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Thread: Double Stop Rules of Thumb

  1. #1
    Registered User Sherry Cadenhead's Avatar
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    Default Double Stop Rules of Thumb

    Is there a rule of thumb for adding double stops to a piece of simply written music, like quarter and longer notes only, for example? Also, is it unreasonable to play in first position only? Any other advice?

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    Registered User DavidKOS's Avatar
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    Default Re: Double Stop Rules of Thumb

    Quote Originally Posted by Sherryc View Post
    Is there a rule of thumb for adding double stops to a piece of simply written music, like quarter and longer notes only, for example? Also, is it unreasonable to play in first position only? Any other advice?
    Hi Sherry! I have no idea what style(s) of music you wish to play. Some of the use of double stops is dependant on genre.

    The rest depends on your taste and ability...and the chord changes.

    "Is it unreasonable to play in first position only?"

    That also depends on style. A lot of popular, authentic, cool, wonderful, etc. mandolin music can be played in first position only (especially if you use finger 4 ). No matter what you do on mandolin, if you cannot play in first position then you need more practice!

    Beyond first position? That's up to you and your style and taste. My taste is that a mandolin can play anything a violin can - from fiddle tunes to classical music.

    Back to your simple question. If you can add a note above or below the melody note that fits the chord or resolves to the next chord, why not? But again, it is style specific.

    Happy picking.

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    Registered User Sherry Cadenhead's Avatar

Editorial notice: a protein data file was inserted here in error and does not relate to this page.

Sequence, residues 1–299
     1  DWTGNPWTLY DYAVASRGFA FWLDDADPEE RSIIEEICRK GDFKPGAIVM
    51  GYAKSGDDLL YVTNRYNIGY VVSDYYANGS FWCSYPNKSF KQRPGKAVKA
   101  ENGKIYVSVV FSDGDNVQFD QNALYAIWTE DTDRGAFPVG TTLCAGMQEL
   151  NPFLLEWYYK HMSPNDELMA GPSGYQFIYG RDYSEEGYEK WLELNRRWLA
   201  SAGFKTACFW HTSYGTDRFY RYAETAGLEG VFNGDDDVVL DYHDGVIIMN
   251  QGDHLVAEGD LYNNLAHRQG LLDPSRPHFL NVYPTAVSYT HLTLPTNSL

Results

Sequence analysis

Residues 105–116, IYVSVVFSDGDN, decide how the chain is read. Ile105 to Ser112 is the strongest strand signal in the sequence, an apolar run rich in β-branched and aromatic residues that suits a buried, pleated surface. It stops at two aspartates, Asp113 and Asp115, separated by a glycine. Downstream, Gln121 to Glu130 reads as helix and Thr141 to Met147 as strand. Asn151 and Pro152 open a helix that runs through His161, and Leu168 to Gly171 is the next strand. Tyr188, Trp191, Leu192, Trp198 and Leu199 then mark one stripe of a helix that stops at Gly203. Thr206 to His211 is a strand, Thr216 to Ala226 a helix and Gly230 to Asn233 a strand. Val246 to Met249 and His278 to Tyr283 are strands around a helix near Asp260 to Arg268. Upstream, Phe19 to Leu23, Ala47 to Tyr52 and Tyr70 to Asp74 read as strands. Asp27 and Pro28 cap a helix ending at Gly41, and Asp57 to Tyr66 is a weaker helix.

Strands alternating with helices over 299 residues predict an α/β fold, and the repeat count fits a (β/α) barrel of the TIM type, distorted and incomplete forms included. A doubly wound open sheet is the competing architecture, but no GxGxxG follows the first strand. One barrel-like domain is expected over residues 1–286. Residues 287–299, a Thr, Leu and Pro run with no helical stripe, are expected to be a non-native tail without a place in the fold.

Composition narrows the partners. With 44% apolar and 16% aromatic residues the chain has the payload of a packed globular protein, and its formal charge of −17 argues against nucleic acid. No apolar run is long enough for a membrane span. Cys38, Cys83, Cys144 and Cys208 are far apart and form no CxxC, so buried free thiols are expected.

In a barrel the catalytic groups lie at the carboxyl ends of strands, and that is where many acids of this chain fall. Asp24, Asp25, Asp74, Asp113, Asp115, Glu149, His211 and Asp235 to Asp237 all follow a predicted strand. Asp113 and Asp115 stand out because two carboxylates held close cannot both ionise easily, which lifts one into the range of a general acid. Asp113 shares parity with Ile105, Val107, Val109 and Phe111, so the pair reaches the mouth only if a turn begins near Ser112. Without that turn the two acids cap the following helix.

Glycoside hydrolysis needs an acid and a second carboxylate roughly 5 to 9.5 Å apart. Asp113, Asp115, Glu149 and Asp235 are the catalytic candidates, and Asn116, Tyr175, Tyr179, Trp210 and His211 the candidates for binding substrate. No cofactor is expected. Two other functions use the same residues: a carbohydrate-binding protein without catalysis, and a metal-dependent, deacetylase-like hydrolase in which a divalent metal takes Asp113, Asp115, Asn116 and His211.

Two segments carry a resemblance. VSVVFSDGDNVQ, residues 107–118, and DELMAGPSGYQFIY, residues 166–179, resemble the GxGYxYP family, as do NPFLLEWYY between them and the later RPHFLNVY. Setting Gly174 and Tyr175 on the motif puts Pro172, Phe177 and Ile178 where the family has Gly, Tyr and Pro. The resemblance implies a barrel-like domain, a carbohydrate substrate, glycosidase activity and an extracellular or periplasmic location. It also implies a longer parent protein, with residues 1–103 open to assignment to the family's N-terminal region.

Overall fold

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    Default Re: Double Stop Rules of Thumb

    Thanks for your response, David. As far as genre, that's a tough one. I enjoy bluegrass and classical; however, I've been jamming with a group at the senior center. They play primarily classic country and spiritual music. I enjoy those as well. My 2-1/2 year teacher is a professional violinist and long-time teacher of primarily violin and viola. She insisted on 4th finger exercises, so I often opt for 4th finger rather than an open string. We had just started 3rd position when I decided to take on double stops, primarily to make my lead at the jam session more interesting. Now I'm thinking that may be a mistake - that I shouldn't be in such a hurry to do it all.

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    Unfamous String Buster Beanzy's Avatar
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    Default Re: Double Stop Rules of Thumb

    As a basic starter to get the root, third, fifth and octaves sorted:
    If you think of the fretboard as a grid then
    For octaves it’s low to high sounding 2x6 = six frets up, next course higher. There’s also an octave at 4x4.
    Then the other way high to low 3x3 gives you the octave down.

    If you’re on a root note then the third is next course fatter one fret back & the fifth is just the same fret, next course thinner.

    Once you get those 1,3,5 & 8 embedded then you can relate the other flavours to those.
    Eoin



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    Default Re: Double Stop Rules of Thumb

    Now I'm thinking that may be a mistake - that I shouldn't be in such a hurry to do it all.
    Attempting to further our knowledge and skills is never a mistake, but yes, there's also no need to hurry. In my own playing, the use of double stops was a natural outgrowth of trying to play the melody out of various chord shapes. Double stops are how a mandolin best mimics a fiddle, and fiddle lines are a natural part of classic country songs. Add tremolo to the mix and you get (IMHO) the most mandolin-y of mandolin sounds. Nothing else like it!
    Mitch Russell

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    Default Re: Double Stop Rules of Thumb

    Quote Originally Posted by Sherryc View Post
    Thanks for your response, David. As far as genre, that's a tough one. I enjoy bluegrass and classical; however, I've been jamming with a group at the senior center. They play primarily classic country and spiritual music. I enjoy those as well. My 2-1/2 year teacher is a professional violinist and long-time teacher of primarily violin and viola. She insisted on 4th finger exercises, so I often opt for 4th finger rather than an open string. We had just started 3rd position when I decided to take on double stops, primarily to make my lead at the jam session more interesting. Now I'm thinking that may be a mistake - that I shouldn't be in such a hurry to do it all.